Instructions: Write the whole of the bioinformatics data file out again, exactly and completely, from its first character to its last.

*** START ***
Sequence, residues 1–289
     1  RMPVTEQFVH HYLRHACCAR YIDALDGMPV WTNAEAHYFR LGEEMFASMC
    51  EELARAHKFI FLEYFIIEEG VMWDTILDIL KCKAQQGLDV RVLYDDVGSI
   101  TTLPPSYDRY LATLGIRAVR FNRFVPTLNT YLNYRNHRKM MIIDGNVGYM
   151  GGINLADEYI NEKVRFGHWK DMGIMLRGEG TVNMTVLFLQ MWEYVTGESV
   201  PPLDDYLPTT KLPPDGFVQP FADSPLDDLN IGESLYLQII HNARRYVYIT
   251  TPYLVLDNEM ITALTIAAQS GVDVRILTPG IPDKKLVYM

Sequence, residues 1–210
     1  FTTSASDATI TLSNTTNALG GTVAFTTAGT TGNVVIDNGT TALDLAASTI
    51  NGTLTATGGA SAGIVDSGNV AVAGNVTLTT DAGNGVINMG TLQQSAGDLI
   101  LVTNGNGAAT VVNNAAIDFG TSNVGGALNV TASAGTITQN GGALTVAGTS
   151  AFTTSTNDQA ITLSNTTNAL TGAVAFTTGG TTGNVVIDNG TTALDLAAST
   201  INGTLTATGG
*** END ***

Sequence, residues 1–289
     1  RMPVTEQFVH HYLRHACCAR YIDALDGMPV WTNAEAHYFR LGEEMFASMC
    51  EELARAHKFI FLEYFIIEEG VMWDTILDIL KCKAQQGLDV RVLYDDVGSI
   101  TTLPPSYDRY LATLGIRAVR FNRFVPTLNT YLNYRNHRKM MIIDGNVGYM
   151  GGINLADEYI NEKVRFGHWK DMGIMLRGEG TVNMTVLFLQ MWEYVTGESV
   201  PPLDDYLPTT KLPPDGFVQP FADSPLDDLN IGESLYLQII HNARRYVYIT
   251  TPYLVLDNEM ITALTIAAQS GVDVRILTPG IPDKKLVYM

Sequence, residues 1–210
     1  FTTSASDATI TLSNTTNALG GTVAFTTAGT TGNVVIDNGT TALDLAASTI
    51  NGTLTATGGA SAGIVDSGNV AVAGNVTLTT DAGNGVINMG TLQQSAGDLI
   101  LVTNGNGAAT VVNNAAIDFG TSNVGGALNV TASAGTITQN GGALTVAGTS
   151  AFTTSTNDQA ITLSNTTNAL TGAVAFTTGG TTGNVVIDNG TTALDLAAST
   201  INGTLTATGG